Turning to the sufficiency of Orr's Amended Complaint-an argument that the City has also waived-the Court begins by making the following observation: Orr's Amended Complaint "is not a model of the careful drafter's art." Skinner v. Switzer, 562 U.S. 521, 530 (2011). Too often, this Court receives complaints from plaintiffs that fail to clearly enumerate the legal theories upon which their claims rest, or only enumerate some such theories. The Court would encourage the bar to emphasize the importance of clearly enumerating legal theories in complaints in order to avoid needless confusion and unnecessary litigation.

         That said, the City's argument that Orr's failure to accommodate claim would not survive a Twombly / Iqbal analysis misses the mark. BellAtl. Corp. v. Twombly, 550 U.S. 544 (2007); Ashcroft v. Iqbal, 556 U.S. 662 (2009). Those cases stand for the proposition that Rule 8(a)(2)'s notice pleading standard requires plaintiffs to plead facts sufficient to show that their claims have substantive plausibility. Johnson v. City of Shelby, Miss., 135 S.Ct. 346 (2014). They do not provide that plaintiffs must precisely articulate the legal theories supporting the claims they assert, id. at 346, though (as stated above) the Court certainly prefers that plaintiffs do so. Orr's Amended Complaint alleges that her supervisor denied her "the ability to receive additional training needed to properly operate the Dispatch Center while allowing other Dispatch personnel to receive such training." (Doc. 13, ¶ 32). And, it alleges that her supervisor "promised to provide Orr with 'remedial' training regarding what [her supervisor] characterized as deficiencies that Orr possessed as a Dispatcher, but [her supervisor] never provided any such training to Orr." Id. at ¶ 44. While these factual allegations could serve as a basis for a disparate treatment claim, a disabled person's request for training and subsequent denial thereof can also serve as the basis for a failure to accommodate claim. See Doc. 46, pp. 30-33. Accordingly, Orr's Amended Complaint states facts sufficient to survive a Twombly / Iqbal analysis.[2]

         The Court proceeds next to the City's position that Orr's affidavit is self-serving and conflicts with her earlier testimony. First, the Court again finds that the City waived this argument by not raising it in its Reply Brief or at oral argument. But even had it not, the Court would find it to be unmeritorious. The City's contention goes to the question of whether the issues of fact surrounding Orr's failure to accommodate claim are genuine issues of material fact, such that "a reasonable jury could return a verdict" for Orr. Herring v. Canada Life Assur. Co., 207 F.3d 1026, 1030 (8th Cir. 2000) (quoting Anderson v. Liberty Lobby Inc., 411 U.S. 242, 248 (1986) and discussing "sham" issues of fact). The Eighth Circuit has, indeed, held that a plaintiff may not create a genuine issue of material fact by filing an affidavit that is inconsistent with her earlier deposition testimony. Camfield Tires, Inc. v. Michelin Tire Corp., 719 F.2d 1361 (8th Cir. 1983). Thus, where a plaintiff testified during a deposition that he instructed a salesman to delay depositing a check, but then later submitted an affidavit swearing that he instructed the salesman to not deposit and instead return the check, summary judgment was appropriate. Id. at 1363- 66. Similarly, in Wilson v. Westinghouse Bee. Corp., 838 F.2d 286 (8th Cir. 1988), a plaintiff testified that he was told he was being terminated, but then later filed an affidavit declaring that he was told his position was being eliminated, but that his employment would continue in another capacity, id. at 288. The plaintiffs later statement "directly contradicted" his earlier testimony, and pertained to the decisive question of whether he could benefit from the equitable tolling of a limitations period. Id. at 289. The Wilson Court elaborated:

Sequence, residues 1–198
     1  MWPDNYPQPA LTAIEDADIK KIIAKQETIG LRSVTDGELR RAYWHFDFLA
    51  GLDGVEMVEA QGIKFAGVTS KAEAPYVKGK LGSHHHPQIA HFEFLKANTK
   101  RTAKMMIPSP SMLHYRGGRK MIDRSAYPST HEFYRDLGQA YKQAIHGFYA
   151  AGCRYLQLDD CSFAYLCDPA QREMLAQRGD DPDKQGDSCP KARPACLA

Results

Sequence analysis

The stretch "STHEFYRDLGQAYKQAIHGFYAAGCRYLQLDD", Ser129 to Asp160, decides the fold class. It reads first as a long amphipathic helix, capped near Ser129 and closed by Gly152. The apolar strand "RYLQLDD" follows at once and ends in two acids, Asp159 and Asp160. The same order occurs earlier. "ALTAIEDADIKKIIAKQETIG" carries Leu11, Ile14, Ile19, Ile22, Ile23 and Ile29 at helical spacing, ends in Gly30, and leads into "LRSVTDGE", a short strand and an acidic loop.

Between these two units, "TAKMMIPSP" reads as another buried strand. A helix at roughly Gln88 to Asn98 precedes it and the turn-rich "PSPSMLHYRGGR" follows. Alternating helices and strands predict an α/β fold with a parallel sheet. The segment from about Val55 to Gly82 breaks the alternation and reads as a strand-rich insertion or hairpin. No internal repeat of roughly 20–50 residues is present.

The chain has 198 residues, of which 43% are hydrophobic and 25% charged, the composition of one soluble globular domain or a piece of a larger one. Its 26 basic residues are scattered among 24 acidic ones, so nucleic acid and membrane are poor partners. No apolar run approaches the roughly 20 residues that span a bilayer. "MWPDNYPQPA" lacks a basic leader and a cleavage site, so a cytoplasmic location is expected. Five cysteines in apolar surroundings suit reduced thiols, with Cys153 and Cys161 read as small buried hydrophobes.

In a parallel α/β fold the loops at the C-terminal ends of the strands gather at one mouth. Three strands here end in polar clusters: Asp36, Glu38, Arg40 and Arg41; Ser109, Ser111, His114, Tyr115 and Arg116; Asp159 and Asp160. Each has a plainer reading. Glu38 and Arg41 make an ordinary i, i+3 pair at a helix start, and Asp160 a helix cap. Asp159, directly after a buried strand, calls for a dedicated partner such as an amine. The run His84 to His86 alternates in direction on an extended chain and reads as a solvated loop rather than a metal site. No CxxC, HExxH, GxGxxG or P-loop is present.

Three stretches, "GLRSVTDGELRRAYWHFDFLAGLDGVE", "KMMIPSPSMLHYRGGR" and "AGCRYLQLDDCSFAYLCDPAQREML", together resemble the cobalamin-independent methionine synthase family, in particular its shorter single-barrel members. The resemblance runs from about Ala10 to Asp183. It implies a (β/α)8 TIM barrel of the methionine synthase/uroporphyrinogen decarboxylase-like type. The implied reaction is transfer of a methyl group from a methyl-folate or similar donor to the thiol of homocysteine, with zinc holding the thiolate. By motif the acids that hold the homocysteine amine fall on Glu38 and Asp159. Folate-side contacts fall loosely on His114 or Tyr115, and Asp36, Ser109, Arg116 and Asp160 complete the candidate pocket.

While district courts must exercise extreme care not to take genuine issues of fact away from juries, a party should not be allowed to create issues of credibility by contradicting his own earlier testimony. Ambiguities and even conflicts in a deponent's testimony are generally matters for the jury to sort out, but a district court may grant summary judgment where a party's sudden and unexplained revision of testimony creates an issue of fact where none existed before. Otherwise, any party could head off a summary judgment motion by supplanting previous depositions ad hoc with a new affidavit, and no case would ever be appropriate for summary judgment.

Id. (internal quotations and citations omitted).

         The Court does not believe that the testimony and affidavit in question constitute the type of direct contradiction or "sudden and unexplained revision" contemplated by CamfieldTires, Wilson, and similar cases. Instead, it falls on the side ...